Does 'hypnosis' by any other name smell as sweet? The efficacy of 'hypnotic' inductions depends on the label 'hypnosis'
David Bourget (Western Ontario)
David Chalmers (ANU, NYU)
Rafael De Clercq
Ezio Di Nucci
Jonathan Jenkins Ichikawa
Jack Alan Reynolds
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Consciousness and Cognition 14 (2):304-315 (2005)
Hypnosis is associated with profound changes in conscious experience and is increasingly used as a cognitive tool to explore neuropsychological processes. Studies of this sort typically employ suggestions following a hypnotic induction to produce changes in perceptual experience and motor control. It is not clear, however, to what extent the induction procedure serves to facilitate suggested phenomena. This study investigated the effect on suggestibility of a hypnotic induction and labelling that procedure ‘hypnosis.’ Suggestibility of participants was tested before and after an adapted hypnotic procedure, which was either labelled as ‘hypnosis’ or as ‘relaxation.’ The hypnotic procedure produced a modest increase in suggestibility when it was called ‘relaxation,’ but a very significant increase if it was labelled ‘hypnosis.’ The results are important for both clinical and experimental applications and indicate that labelling an induction procedure ‘hypnosis’ is an important determinant of subsequent responses to suggestion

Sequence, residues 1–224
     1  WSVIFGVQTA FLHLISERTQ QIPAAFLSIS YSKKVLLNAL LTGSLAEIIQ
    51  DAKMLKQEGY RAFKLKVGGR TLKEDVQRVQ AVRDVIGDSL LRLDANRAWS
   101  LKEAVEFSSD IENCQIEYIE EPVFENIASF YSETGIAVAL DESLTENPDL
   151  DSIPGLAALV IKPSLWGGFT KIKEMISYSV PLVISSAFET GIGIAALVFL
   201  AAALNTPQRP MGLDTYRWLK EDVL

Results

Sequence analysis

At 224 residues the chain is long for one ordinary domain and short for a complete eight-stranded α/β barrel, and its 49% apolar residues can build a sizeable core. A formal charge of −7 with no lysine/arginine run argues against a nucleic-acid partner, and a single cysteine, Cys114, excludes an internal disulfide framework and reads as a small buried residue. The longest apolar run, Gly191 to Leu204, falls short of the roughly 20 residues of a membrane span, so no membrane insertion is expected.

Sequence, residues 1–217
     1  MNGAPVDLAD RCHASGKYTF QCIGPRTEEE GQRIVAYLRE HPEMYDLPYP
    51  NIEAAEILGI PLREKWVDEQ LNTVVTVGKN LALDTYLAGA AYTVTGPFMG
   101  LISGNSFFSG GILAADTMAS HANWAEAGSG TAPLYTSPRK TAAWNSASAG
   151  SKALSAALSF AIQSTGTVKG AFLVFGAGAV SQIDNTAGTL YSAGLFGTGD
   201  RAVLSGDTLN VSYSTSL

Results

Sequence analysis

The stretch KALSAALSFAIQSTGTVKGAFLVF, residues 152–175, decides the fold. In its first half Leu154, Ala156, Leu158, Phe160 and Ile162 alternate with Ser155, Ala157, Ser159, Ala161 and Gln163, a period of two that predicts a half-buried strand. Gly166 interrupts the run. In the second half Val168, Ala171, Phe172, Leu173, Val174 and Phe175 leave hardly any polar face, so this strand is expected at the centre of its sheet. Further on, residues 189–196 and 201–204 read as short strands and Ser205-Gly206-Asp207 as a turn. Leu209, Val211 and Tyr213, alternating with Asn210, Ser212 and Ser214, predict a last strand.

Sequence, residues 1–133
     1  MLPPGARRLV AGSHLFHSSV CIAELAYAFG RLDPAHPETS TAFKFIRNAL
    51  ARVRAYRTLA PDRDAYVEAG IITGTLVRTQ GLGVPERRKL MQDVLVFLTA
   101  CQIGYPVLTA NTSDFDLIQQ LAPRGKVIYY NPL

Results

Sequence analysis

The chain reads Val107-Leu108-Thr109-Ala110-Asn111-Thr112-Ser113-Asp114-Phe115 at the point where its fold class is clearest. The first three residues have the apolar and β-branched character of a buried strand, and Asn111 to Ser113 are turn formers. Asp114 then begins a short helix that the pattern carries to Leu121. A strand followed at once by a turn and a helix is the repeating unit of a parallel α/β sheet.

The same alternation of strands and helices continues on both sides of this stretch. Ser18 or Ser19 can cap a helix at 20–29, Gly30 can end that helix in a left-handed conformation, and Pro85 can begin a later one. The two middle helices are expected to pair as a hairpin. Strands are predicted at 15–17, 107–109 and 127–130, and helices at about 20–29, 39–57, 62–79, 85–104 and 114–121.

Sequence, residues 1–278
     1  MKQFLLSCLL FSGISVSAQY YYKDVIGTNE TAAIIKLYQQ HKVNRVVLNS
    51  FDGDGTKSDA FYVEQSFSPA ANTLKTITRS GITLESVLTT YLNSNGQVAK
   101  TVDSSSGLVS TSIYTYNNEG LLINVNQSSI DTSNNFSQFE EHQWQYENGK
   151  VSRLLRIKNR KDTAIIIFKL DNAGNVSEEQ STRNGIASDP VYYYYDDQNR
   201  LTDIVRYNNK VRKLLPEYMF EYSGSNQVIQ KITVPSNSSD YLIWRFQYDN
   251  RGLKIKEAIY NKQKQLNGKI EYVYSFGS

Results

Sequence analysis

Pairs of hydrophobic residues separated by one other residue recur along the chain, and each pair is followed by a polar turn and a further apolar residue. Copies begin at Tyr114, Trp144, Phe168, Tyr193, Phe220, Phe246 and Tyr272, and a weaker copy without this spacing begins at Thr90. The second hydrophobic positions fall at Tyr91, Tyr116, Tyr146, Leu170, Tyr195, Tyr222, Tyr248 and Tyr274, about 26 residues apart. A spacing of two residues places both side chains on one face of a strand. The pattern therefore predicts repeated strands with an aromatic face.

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Citations of this work BETA
David A. Oakley & Peter W. Halligan (2009). Hypnotic Suggestion and Cognitive Neuroscience. Trends in Cognitive Sciences 13 (6):264-270.
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